As a person who listened to all your podcasts episodes (found it only when it was near the end) and followed your journey, I feel kinda freshly related. And as I told you on Twitter, that journey was really negative financially, but you made a lot of friends this way.

Actually, I was thinking about your case the other day - why neither of your ideas took off in a real way? Like, seriously, was there any particular problem or pattern to take away? And I think I have a solution.

I think you’ve invested too much in actually CREATING the products before even asking the audience if they needed it. Therefore it took you a lot of time (and energy, maybe that’s more important) and no results.

Whereas if you had started with building the audience for the upcoming product in the first place, conducting surveys, making teaser trailers, doing some content marketing, maybe (just maybe) the results would have been different.

Speaking of the things “they taught you” - the more I read about it, the more I conclude that those gurus use one “simple” trick: it’s easy to perform marketing when you are already surrounded by your audience! Of course, whatever Seth Godin writes now will sell out. Of course, everyone would pay a lot of money to attend a conference with Richard Branson in it. Etc.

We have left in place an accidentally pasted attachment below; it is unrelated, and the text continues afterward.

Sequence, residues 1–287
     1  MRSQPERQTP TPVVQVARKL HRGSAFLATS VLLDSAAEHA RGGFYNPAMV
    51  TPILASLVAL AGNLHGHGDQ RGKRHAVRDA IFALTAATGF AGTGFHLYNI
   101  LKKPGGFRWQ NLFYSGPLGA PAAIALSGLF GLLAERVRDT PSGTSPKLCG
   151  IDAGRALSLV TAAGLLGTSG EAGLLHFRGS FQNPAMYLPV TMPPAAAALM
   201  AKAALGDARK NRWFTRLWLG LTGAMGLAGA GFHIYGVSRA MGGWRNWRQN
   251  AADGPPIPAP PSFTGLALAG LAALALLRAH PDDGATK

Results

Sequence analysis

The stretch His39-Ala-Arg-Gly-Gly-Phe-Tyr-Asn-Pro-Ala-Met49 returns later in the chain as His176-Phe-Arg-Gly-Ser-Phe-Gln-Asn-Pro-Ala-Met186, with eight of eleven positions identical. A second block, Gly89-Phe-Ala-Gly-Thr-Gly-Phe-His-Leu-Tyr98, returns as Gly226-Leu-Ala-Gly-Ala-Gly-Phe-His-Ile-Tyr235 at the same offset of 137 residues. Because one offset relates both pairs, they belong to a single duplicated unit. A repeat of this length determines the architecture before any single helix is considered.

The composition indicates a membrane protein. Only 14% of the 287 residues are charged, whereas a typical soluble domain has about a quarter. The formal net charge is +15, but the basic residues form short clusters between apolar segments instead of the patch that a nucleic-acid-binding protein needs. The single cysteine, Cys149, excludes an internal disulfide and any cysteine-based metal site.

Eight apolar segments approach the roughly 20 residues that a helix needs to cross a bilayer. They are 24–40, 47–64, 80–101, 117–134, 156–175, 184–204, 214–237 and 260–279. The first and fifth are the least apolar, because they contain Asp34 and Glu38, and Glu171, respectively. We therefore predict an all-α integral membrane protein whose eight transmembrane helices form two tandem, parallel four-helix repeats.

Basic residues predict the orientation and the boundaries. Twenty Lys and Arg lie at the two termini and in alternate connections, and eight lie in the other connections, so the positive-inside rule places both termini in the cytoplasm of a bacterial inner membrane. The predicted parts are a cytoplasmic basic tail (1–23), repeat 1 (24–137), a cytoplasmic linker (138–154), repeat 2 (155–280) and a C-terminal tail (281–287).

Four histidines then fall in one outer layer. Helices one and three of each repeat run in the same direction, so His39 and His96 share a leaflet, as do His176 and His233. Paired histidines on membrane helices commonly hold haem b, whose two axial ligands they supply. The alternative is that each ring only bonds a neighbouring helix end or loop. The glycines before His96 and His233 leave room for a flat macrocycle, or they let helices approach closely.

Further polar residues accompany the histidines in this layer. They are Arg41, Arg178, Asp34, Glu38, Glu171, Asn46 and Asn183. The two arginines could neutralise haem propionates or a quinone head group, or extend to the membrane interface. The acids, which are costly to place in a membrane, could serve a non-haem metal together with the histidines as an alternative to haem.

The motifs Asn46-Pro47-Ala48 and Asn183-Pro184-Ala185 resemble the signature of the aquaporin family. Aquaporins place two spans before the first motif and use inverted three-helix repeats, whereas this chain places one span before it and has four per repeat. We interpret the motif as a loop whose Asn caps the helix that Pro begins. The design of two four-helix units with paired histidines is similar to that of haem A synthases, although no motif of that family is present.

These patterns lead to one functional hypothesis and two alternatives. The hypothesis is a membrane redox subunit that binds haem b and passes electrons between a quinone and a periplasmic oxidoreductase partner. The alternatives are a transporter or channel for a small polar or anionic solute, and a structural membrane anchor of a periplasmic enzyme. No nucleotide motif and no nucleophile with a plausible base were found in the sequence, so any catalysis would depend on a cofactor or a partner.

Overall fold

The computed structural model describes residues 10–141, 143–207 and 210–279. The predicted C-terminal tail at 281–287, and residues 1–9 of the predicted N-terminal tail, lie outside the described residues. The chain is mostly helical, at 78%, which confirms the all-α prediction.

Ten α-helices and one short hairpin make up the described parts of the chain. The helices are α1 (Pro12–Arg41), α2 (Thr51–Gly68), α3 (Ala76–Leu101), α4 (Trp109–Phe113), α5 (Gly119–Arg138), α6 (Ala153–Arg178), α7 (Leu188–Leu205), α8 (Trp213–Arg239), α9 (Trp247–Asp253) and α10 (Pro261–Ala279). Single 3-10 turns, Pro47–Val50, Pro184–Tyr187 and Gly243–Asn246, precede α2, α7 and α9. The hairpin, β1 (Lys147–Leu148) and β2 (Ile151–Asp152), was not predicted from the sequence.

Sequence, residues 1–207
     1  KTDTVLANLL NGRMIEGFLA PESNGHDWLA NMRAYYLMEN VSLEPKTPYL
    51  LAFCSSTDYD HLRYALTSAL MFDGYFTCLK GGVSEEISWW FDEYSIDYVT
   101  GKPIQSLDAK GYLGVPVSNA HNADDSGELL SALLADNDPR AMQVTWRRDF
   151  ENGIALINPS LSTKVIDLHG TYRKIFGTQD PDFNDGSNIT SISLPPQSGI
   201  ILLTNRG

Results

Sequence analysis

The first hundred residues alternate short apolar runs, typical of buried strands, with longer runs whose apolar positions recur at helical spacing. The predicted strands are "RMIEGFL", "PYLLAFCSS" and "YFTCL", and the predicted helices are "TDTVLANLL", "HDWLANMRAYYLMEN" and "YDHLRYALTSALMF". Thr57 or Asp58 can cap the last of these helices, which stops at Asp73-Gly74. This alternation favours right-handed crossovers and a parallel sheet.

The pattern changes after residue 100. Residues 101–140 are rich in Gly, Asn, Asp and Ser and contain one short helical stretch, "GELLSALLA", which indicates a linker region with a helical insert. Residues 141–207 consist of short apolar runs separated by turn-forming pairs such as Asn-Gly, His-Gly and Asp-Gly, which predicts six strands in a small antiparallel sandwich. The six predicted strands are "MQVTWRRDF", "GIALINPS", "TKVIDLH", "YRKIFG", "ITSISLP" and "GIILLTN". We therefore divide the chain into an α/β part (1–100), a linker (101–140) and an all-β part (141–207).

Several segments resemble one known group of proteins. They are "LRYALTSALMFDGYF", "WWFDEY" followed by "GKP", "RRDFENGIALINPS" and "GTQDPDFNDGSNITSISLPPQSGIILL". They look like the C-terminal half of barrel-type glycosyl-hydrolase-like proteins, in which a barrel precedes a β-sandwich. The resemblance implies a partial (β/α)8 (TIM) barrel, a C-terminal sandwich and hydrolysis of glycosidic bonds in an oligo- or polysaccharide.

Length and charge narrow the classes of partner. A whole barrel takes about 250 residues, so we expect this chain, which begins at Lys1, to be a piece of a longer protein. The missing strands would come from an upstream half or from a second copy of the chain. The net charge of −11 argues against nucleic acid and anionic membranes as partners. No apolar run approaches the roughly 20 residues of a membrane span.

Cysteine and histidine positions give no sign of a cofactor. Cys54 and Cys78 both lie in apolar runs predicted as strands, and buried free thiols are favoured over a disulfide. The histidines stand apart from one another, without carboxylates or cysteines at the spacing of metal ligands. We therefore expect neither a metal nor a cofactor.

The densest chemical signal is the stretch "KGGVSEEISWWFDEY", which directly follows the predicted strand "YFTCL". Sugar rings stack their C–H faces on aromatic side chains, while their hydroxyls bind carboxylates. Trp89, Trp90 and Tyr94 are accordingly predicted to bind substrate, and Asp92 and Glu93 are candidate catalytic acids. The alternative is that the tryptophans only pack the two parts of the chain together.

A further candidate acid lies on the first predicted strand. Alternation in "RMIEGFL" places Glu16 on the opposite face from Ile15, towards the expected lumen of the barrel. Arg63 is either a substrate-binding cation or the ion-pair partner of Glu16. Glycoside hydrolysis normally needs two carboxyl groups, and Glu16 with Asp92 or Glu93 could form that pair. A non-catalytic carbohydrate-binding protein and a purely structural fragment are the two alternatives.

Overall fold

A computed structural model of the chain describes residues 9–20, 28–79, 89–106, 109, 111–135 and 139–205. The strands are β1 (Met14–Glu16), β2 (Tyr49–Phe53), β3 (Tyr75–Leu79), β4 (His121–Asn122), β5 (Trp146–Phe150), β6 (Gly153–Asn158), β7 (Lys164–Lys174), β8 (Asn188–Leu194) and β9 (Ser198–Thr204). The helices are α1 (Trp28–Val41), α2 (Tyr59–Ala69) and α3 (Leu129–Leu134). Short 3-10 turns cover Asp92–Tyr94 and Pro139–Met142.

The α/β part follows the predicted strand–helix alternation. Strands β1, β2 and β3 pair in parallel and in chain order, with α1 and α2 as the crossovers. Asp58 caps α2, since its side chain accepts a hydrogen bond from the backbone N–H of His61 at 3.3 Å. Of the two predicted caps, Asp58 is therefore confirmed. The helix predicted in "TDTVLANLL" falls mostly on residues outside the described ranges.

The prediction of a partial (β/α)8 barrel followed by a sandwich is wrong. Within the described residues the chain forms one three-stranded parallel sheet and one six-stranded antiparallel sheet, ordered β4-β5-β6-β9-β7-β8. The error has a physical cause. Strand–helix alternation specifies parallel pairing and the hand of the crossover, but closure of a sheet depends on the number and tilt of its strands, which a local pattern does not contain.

So I guess that’s the kinda-more-correct path - build the audience and taste the market first, and at that point you evaluate the idea, and only then double down on it if you FEEL that it could take off.

I’m using this approach myself now with my modest product for developers - adminpanel builder on Laravel framework.

  • At first I asked the audience about the idea (unfortunately, as new user I cannot put links in the post) - and oh, did I mention that I blogged for a year now to have that audience?
  • Then I conducted a survey of what alternatives people use with only ONE question - 100 people answered
  • And today I’ve released the results of the survey with a video teaser-trailer to my tool
  • In upcoming weeks will release the first version of my QuickAdmin which costed me around 2000 USD in total - imho that’s pretty cheap to “test” the idea.

And only then if I feel that traction is coming - then I double down on it. If not - back to consulting (or other products), same as you.